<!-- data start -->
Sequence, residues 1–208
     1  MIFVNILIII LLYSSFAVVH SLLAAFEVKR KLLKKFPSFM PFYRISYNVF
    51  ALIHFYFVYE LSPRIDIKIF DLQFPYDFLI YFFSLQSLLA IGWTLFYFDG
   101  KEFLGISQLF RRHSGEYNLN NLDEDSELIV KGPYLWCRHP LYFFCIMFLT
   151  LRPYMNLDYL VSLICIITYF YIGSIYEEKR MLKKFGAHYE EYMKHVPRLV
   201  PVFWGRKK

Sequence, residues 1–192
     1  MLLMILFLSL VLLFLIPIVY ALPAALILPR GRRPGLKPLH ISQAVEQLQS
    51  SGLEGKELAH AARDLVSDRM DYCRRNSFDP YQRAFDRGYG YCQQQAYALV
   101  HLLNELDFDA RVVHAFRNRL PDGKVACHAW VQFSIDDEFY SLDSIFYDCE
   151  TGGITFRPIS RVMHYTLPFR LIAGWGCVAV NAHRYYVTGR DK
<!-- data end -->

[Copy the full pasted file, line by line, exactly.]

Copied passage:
Sequence, residues 1–208
     1  MIFVNILIII LLYSSFAVVH SLLAAFEVKR KLLKKFPSFM PFYRISYNVF
    51  ALIHFYFVYE LSPRIDIKIF DLQFPYDFLI YFFSLQSLLA IGWTLFYFDG
   101  KEFLGISQLF RRHSGEYNLN NLDEDSELIV KGPYLWCRHP LYFFCIMFLT
   151  LRPYMNLDYL VSLICIITYF YIGSIYEEKR MLKKFGAHYE EYMKHVPRLV
   201  PVFWGRKK

Sequence, residues 1–192
     1  MLLMILFLSL VLLFLIPIVY ALPAALILPR GRRPGLKPLH ISQAVEQLQS
    51  SGLEGKELAH AARDLVSDRM DYCRRNSFDP YQRAFDRGYG YCQQQAYALV
   101  HLLNELDFDA RVVHAFRNRL PDGKVACHAW VQFSIDDEFY SLDSIFYDCE
   151  TGGITFRPIS RVMHYTLPFR LIAGWGCVAV NAHRYYVTGR DK